How to connect audio interface to computer, you may wonder. For those who are just starting out, the audio interface may sound a bit too technical and complicated.
It is a device used to connect a microphone or audio device with a computer, laptop, or phone, allowing you to record musical instruments with professional sound quality.
However, setting up an audio interface could be a challenging task for some people, especially beginners. Therefore, this post will give you some instructions on this intricate process.
How Can I Connect My Audio Interface To The Computer?
First, physically connect your audio interface to the laptop using the cable that is provided. Then, plug the cable into your computer’s ports, and you will see the green light appear on the audio interface. The last thing to do is open your music production software or door and connect the equipment.
The Meaning Of Inputs And Outputs In An Audio Interface
Below we will discuss the three most important connection ports available on audio interfaces:
This is the standard jack for most microphones. All condenser microphones, microphone tubes, and dynamic microphones (stage microphones) use one XLR "male" to XLR "female" jack, except for micro USB.
Some audio interfaces feature a so-called 'combo jack', meaning they support a 3-pin XLR connector with a 1/4” TRS input in one socket.
Tips: If you plan on using various cables with different connectors, the XLR audio cable tester is a must. Not only does it save time and money by testing your equipment before buying or renting them, but also provides peace of mind because if something goes wrong then at least you know what kind of problem to look for!
1/4” TS / TRS
TS stands for tip-sleeve, which is an unbalanced mono cable. It comprises two conductors, including a signal carrier in the center and the ground.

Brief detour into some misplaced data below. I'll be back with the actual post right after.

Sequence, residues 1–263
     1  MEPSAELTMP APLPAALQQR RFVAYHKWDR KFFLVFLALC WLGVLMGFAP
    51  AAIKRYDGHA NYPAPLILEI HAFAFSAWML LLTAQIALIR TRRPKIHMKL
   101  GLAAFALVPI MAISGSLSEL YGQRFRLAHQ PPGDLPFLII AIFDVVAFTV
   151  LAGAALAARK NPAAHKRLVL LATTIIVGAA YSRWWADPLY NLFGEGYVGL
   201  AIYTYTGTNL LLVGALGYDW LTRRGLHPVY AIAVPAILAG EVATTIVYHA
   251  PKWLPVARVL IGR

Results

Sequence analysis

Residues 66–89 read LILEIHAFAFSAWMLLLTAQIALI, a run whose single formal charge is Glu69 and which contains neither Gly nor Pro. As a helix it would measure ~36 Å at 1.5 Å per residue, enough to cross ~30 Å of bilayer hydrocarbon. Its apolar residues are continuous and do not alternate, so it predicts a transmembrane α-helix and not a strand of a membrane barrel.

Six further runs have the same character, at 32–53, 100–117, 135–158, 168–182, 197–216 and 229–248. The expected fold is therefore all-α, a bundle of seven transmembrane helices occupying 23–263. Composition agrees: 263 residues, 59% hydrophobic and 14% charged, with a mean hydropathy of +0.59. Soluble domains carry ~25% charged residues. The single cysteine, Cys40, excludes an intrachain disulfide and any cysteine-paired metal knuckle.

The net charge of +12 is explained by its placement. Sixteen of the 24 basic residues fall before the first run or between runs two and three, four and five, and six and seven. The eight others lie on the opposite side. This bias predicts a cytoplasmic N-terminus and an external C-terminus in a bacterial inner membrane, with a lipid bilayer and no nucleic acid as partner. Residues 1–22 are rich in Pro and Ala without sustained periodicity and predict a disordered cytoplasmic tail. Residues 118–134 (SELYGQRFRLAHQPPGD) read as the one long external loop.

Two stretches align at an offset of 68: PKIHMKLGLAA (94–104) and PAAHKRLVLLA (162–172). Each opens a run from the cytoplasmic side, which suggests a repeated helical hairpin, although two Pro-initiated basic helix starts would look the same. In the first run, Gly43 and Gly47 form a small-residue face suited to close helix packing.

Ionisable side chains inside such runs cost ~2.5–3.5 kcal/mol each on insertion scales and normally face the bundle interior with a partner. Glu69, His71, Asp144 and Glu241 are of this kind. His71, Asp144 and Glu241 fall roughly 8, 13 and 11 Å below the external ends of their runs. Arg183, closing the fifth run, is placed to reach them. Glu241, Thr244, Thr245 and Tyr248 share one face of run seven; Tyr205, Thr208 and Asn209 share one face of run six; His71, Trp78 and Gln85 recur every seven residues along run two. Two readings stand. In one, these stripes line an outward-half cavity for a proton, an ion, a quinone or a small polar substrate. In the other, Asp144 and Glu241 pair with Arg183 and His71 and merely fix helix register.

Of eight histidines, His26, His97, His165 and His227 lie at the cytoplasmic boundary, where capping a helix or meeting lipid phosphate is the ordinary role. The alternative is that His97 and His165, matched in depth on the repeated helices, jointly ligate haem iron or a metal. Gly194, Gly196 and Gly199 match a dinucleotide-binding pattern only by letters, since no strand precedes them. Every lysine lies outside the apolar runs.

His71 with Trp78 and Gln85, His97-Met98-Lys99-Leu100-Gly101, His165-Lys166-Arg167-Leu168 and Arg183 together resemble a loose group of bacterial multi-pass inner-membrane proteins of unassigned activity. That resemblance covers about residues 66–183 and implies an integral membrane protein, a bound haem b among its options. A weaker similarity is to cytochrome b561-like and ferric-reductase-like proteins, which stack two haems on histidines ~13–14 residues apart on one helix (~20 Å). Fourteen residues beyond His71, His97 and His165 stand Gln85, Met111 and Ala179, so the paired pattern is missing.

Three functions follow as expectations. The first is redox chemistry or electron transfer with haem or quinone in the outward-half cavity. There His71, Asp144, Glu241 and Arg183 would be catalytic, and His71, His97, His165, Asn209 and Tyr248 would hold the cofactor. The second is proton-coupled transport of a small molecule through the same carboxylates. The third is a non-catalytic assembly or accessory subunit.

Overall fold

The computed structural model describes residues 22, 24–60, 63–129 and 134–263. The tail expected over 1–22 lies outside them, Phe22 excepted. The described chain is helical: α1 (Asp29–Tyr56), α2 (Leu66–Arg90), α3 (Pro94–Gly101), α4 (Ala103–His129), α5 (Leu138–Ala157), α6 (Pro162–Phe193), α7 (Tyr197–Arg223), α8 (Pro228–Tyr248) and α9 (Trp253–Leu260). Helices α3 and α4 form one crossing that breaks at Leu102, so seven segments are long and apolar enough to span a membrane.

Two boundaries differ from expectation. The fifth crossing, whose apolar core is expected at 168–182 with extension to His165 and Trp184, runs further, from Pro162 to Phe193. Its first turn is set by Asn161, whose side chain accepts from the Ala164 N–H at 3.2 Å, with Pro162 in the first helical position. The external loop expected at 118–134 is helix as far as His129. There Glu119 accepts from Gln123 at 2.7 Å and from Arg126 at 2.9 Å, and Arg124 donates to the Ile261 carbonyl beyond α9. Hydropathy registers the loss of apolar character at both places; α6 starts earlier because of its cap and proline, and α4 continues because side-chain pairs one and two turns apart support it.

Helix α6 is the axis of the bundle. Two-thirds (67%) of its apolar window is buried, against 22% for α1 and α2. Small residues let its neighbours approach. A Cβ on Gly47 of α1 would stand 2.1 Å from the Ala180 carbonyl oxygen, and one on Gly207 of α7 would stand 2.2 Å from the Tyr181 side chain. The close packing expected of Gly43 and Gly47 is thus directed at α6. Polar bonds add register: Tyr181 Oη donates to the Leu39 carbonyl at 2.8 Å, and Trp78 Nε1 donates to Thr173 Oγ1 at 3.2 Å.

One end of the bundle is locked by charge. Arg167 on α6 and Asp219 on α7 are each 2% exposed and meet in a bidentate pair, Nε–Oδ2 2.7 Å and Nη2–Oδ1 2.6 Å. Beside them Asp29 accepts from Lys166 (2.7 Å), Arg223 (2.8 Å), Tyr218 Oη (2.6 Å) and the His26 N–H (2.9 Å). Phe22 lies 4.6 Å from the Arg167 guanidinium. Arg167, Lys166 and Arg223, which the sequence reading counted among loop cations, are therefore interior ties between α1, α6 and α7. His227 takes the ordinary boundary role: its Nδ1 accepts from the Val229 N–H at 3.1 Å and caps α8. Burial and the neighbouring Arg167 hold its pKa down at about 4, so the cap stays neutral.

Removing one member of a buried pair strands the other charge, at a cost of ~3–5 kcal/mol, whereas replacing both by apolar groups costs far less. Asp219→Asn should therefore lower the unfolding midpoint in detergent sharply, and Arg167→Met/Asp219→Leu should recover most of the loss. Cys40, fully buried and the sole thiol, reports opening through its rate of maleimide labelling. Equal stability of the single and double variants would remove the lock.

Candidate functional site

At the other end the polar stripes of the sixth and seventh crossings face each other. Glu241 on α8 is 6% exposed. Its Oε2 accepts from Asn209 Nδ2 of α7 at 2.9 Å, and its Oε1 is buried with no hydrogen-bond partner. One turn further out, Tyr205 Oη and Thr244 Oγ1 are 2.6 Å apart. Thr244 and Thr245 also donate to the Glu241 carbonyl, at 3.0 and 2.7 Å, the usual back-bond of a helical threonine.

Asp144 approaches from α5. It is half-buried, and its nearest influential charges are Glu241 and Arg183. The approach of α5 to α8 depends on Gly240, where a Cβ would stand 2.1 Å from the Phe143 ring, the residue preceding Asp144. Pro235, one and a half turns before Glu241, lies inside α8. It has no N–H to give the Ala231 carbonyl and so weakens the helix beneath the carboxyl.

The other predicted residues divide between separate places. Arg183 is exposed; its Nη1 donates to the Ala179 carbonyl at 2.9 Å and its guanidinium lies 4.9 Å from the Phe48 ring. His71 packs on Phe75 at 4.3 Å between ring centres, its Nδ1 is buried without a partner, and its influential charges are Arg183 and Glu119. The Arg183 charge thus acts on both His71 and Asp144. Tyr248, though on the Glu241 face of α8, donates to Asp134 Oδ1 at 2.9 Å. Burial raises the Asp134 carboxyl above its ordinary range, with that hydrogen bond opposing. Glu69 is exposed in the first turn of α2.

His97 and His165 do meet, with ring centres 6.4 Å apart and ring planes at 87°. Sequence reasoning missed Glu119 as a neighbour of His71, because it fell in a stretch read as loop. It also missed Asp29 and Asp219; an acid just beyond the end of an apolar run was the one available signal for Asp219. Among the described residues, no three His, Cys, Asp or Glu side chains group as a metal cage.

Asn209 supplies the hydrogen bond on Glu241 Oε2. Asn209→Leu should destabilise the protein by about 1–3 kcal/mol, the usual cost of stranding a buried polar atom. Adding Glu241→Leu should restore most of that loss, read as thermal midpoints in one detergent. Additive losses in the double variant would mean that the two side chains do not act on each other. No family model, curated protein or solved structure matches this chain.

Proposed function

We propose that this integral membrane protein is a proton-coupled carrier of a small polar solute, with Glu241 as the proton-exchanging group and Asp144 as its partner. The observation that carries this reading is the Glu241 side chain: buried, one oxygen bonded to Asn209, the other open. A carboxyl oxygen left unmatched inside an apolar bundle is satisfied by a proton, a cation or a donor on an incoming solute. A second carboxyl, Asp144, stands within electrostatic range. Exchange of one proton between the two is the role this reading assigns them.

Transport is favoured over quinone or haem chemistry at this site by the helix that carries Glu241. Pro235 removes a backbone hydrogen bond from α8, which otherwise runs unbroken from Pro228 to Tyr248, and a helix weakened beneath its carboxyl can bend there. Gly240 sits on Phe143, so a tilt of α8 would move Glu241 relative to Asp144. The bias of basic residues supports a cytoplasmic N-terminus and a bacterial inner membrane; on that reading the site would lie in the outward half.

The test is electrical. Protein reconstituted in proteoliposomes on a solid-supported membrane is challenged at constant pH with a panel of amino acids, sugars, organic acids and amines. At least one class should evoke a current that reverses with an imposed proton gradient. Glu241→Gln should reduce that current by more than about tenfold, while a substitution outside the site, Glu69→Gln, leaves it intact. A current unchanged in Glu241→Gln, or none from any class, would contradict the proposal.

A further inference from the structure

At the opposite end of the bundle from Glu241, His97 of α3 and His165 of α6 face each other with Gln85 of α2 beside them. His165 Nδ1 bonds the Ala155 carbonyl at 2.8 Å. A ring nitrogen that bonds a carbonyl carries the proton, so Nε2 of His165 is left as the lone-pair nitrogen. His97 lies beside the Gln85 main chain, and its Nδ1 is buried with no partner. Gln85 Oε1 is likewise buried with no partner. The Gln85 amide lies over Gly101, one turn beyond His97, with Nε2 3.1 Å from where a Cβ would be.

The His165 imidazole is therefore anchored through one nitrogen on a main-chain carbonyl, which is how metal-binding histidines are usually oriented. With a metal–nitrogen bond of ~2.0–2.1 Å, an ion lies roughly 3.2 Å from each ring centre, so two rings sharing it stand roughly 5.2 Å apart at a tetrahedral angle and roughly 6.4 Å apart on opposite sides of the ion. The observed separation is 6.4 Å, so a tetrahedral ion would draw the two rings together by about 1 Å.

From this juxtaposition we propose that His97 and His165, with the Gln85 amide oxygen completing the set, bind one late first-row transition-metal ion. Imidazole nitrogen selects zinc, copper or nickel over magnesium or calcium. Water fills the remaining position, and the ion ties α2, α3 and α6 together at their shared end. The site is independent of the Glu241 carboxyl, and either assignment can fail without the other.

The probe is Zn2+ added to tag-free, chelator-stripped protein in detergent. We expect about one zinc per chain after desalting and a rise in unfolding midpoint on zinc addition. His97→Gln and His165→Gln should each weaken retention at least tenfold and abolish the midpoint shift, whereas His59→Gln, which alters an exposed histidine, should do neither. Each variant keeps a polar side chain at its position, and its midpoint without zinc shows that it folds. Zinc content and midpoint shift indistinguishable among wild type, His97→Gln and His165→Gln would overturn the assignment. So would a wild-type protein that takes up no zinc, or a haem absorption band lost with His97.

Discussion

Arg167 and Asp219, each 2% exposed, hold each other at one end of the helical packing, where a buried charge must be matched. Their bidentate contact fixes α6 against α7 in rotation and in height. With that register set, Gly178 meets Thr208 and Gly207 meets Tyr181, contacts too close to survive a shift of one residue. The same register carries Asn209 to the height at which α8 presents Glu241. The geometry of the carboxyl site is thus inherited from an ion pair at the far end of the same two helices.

Few examples of unbalanced cables are guitar or instrument cables terminating NTS quarter-inch jack-plug style connections or RCA connections.
Meanwhile, TRS, also known as tip-ring-sleeve adapter, is a balanced cable consisting of three conductors: two signal carriers and one ground as a shield.
ADAT Optical Interface
This port is used to transmit audio signals between devices.
Many mid/high-end audio interfaces boast this jack, allowing users to add separate hardware that expands the amount of inputs and outputs the interface can handle.
Many audio interfaces provide a MIDI input to plug in for a keyboard controller or digital piano. While MIDI to USB connection is a very popular and inexpensive solution for avid private musicians, such a connection will have some limitations compared to Audio Interface's use of the midi port.
Choose An Audio Interface That Suits Your Needs
Once you know about the inputs and outputs of an audio interface, consider a product that caters to your needs. There are three parameters you should take into account to buy the best audio interface for yourself.
To start with, think of what kind of connection your computer has. Audio interfaces these days have different computer connections, including USB, Thunderbolt, or FireWire port.